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Poultry executives indicted on antitrust charges

broiler drinking water

PILGRIM’S PRIDE chief executive Jayson Penn along with three other current and former industry executives have been indicted on charges of seeking to fix the price of chickens.

A federal grand jury in the US District Court in Denver, Colorado, returned an indictment against the four executives for their role in a conspiracy to fix prices and rig bids for broiler chickens, the US Department of Justice announced on Wednesday, 3 June.

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The one-count indictment charges four current and former senior executives from both Pilgrim’s Pride and a Georgia-based chicken supplier with conspiring to fix prices and rig bids for broilers.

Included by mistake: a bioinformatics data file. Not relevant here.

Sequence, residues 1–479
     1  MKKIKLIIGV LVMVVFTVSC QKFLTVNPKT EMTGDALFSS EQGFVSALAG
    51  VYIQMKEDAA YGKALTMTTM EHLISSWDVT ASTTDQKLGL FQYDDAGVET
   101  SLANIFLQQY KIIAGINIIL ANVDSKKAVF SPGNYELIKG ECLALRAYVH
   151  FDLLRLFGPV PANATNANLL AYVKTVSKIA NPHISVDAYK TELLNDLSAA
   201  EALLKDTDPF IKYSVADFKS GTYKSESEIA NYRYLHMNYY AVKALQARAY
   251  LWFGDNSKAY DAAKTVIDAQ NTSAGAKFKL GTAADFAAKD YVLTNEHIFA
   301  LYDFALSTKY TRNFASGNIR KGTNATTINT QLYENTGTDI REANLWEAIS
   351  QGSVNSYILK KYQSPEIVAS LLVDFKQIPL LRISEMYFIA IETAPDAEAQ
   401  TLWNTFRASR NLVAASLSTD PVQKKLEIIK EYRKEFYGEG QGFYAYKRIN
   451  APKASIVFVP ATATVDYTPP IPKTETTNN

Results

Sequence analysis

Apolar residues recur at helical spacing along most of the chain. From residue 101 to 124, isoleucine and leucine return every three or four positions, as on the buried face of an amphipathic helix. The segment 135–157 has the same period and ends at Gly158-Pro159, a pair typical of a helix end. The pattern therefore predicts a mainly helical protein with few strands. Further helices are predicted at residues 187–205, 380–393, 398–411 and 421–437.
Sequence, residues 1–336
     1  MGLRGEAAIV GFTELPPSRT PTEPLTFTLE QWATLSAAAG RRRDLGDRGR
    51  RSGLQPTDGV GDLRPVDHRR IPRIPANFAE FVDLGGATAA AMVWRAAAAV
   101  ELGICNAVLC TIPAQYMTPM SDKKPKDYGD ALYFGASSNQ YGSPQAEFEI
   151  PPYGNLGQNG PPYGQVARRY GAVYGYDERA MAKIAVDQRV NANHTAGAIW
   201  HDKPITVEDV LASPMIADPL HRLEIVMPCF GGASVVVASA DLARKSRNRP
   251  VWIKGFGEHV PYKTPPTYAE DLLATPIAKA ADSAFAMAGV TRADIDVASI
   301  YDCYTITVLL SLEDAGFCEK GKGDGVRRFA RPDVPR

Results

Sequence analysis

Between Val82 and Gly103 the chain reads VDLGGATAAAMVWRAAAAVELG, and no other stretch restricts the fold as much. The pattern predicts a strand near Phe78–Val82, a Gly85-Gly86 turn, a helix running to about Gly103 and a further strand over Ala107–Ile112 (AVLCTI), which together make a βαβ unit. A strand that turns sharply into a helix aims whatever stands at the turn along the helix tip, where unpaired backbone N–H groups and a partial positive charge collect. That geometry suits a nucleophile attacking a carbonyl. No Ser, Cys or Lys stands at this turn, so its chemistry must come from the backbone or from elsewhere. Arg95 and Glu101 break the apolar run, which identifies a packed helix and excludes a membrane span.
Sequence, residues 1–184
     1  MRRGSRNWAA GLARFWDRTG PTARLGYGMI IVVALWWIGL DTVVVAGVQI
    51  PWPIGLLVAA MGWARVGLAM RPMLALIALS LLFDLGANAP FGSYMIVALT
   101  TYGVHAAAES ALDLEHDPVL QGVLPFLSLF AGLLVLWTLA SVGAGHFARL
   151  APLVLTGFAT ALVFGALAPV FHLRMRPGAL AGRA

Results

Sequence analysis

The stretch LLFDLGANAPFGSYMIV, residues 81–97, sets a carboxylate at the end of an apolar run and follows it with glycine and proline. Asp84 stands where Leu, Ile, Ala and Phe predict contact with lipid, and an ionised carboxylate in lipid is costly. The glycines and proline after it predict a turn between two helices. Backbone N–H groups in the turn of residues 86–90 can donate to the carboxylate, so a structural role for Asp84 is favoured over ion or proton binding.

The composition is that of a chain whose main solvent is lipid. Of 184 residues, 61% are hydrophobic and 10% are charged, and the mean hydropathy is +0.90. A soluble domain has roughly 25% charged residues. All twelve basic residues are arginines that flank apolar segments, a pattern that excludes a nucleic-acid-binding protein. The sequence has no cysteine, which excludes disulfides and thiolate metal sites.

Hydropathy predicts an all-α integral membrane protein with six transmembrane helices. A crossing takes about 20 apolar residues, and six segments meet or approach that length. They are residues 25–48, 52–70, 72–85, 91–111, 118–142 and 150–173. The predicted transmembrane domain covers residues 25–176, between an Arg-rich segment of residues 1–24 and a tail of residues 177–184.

Pilgrim’s Pride is the owner of integrator Moy Park – there is no suggestion that the charge is linked to any activity in the UK.

According to the indictment, from at least as early as 2012 until at least early 2017, Jayson Penn, Roger Austin, Mikell Fries, and Scott Brady conspired to fix prices and rig bids for broiler chickens across the United States.

In the United States, an indictment alleges that crimes have been committed, and all defendants are presumed innocent until proven guilty beyond a “reasonable doubt”.

The offence charged carries a maximum penalty of 10 years in prison and a $1 million fine. The maximum fine may be increased to twice the gain derived from the crime or twice the loss suffered by victims if either amount is greater than $1 million.

This case is the result of an ongoing federal antitrust investigation into price fixing, bid-rigging, and other anticompetitive conduct in the US broiler industry.